Well, the original motivation for all this writing about Wilberforce was the film Amazing Grace. It’s a new film that’s due for release on 26th July. Emma got invited to a media screening a couple of weeks ago and I tagged along.
So, What’s it like as a film?
To be honest, Amazing Grace would be a fantastic two part Sunday night feature on the ABC. It feels more like something churned out by the BBC period-piece Dickens/Austen mill, than a big screen affair.
The film opens with a fairly shameless ploy, Wilberforce’s carriage pulls up beside two (appropriately ugly) men who are beating a horse to death. Although Wilberforce is clearly ill, he is unable to turn away from the suffering of the horse and intervenes to stop the men…
…we get the point. Wilberforce is the champion of the oppressed.
And so, you are introduced to the greatest flaw in the film, it has a real penchant for cheese. It’s understandable, when you’re telling the story of truly heroic person it’s easy to touch it up with a golden dinner plate behind the head and plenty of Mozzarella.
But the fact is, really great people just seem greater when you tell their story warts and all.
Fortunately, the power of Wilberforce’s story overwhelms the defects in the storytelling.
There are some genuinely poignant moments: when Wilberforce boards a Slave Ship for the first time and is overcome by the smell; or when John Newton breaks down and confesses that he still hears the voices of the twenty thousand slaves he transported to the West Indies.
And its hard not to give a little cheer at the end when the House of Commons gives Wilberforce a standing ovation as the Bill to Abolish the Slave Trade finally passes into law.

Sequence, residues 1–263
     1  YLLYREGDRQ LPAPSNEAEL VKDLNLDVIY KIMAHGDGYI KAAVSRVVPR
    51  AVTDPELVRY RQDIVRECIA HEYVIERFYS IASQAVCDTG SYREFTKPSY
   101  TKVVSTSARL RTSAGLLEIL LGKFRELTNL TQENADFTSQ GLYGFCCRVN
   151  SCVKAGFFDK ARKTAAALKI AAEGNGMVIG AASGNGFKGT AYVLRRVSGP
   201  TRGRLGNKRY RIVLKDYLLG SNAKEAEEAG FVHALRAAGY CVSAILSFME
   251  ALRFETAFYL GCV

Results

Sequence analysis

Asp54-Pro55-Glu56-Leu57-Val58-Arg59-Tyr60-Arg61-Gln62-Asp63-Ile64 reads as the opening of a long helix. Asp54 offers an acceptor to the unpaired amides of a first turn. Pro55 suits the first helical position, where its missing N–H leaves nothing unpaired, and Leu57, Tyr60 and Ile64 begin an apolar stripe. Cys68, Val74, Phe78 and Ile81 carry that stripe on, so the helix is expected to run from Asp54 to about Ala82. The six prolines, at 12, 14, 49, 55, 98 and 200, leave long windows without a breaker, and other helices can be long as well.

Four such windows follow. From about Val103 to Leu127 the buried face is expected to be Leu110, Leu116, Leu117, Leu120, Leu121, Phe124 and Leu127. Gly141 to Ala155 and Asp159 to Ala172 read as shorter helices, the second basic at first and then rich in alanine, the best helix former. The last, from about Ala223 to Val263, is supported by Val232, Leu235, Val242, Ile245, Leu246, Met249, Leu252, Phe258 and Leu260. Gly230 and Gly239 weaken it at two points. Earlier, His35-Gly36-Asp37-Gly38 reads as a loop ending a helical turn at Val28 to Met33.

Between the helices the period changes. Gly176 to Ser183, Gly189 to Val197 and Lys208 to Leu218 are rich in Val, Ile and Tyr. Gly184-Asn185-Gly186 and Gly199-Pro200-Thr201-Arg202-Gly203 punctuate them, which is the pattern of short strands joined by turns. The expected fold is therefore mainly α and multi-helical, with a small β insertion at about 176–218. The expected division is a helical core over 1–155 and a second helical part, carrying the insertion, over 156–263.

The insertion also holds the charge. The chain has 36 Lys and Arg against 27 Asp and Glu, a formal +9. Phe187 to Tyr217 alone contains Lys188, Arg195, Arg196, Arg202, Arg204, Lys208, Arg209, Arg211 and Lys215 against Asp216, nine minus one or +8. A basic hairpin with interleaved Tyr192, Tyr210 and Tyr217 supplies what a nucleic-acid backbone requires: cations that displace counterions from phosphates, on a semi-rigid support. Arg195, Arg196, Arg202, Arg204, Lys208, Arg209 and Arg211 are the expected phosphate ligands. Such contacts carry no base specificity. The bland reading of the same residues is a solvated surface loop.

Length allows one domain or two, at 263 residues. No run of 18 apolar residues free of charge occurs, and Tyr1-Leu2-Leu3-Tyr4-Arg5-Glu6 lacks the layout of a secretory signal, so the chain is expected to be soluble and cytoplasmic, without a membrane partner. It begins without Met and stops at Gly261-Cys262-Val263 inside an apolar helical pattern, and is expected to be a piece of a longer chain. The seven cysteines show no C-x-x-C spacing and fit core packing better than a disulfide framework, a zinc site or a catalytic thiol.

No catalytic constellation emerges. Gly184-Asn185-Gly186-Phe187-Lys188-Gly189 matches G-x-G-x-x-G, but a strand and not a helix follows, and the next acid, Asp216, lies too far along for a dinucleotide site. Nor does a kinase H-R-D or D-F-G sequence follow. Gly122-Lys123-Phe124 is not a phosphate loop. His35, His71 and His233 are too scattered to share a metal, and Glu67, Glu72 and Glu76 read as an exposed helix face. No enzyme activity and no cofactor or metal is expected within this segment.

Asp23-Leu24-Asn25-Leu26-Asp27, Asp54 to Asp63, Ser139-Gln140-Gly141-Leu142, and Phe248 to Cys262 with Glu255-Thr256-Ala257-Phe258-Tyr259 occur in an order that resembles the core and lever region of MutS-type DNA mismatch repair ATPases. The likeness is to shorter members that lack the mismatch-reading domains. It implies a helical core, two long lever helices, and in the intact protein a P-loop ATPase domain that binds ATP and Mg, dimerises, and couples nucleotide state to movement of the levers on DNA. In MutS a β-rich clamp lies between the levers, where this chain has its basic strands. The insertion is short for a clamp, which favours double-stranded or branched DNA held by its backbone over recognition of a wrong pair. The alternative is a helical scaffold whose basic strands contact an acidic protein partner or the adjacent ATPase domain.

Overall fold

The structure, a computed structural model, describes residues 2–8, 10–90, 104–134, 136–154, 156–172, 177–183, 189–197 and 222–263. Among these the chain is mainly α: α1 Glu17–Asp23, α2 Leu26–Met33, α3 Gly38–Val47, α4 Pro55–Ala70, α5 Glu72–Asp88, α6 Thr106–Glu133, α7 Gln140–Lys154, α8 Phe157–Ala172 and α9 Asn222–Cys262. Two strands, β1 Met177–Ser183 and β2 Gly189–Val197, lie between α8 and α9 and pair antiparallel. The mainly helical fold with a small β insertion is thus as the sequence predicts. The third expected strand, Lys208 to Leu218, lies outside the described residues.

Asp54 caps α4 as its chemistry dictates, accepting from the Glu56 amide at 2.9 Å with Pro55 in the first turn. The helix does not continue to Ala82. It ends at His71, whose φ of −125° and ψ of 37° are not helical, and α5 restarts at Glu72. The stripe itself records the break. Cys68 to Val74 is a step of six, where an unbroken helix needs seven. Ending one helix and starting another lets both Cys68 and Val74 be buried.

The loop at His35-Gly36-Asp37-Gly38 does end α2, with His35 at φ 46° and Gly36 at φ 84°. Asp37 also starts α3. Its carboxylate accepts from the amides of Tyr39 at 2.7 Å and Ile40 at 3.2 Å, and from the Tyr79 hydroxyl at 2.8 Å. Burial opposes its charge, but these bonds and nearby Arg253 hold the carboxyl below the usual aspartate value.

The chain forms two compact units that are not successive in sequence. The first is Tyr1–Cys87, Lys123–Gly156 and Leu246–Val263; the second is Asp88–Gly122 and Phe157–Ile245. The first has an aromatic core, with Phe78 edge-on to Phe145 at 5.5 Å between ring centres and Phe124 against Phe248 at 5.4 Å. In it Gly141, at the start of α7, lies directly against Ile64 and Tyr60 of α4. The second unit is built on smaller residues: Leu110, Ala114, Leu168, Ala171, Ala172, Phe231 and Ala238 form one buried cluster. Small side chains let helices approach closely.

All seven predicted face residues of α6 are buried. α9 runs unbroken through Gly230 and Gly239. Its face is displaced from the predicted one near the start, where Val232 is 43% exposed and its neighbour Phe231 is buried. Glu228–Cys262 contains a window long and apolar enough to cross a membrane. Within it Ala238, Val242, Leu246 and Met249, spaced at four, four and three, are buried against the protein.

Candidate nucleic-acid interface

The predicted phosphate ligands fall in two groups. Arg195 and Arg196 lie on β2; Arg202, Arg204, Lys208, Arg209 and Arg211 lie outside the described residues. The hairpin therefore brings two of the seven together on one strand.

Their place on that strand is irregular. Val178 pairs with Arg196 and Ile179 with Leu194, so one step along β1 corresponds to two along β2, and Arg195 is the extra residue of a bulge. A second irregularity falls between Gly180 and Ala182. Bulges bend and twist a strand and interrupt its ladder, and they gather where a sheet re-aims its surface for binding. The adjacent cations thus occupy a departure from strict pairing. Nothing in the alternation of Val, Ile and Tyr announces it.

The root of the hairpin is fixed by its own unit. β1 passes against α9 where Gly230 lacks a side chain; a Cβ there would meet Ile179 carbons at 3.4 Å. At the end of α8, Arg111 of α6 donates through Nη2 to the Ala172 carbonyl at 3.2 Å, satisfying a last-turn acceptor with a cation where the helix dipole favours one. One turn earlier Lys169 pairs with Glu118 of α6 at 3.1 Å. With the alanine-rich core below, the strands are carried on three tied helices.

Another positive is that the film doesn’t paper over Wilberforce’s Christian hope or minimise this as the central motivation for his determination to end the Slave Trade.
Which means that the best reason to see this film is to go away afterwards and have a good think about how when the gospel transforms individual minds its also begins to transform societies. Wilberforce was not a limp-wristed “social gospel” hippy, he was not even one of those who argue that we can best commend the gospel through acts of service. No, Wilberforce was a gospel-through-and-through-man. God’s word was at the centre of his life. As his mind was transformed by the words of God, his behaviour in the world was transformed to match. And that meant not sitting around while Africans rotted and died in stinking ships.
Wilberforce simply didn’t know how to live with the comfortable gap between belief and action.
So for all its flaws, go see Amazing Grace, and pray that God would give us more people like William Wilberforce.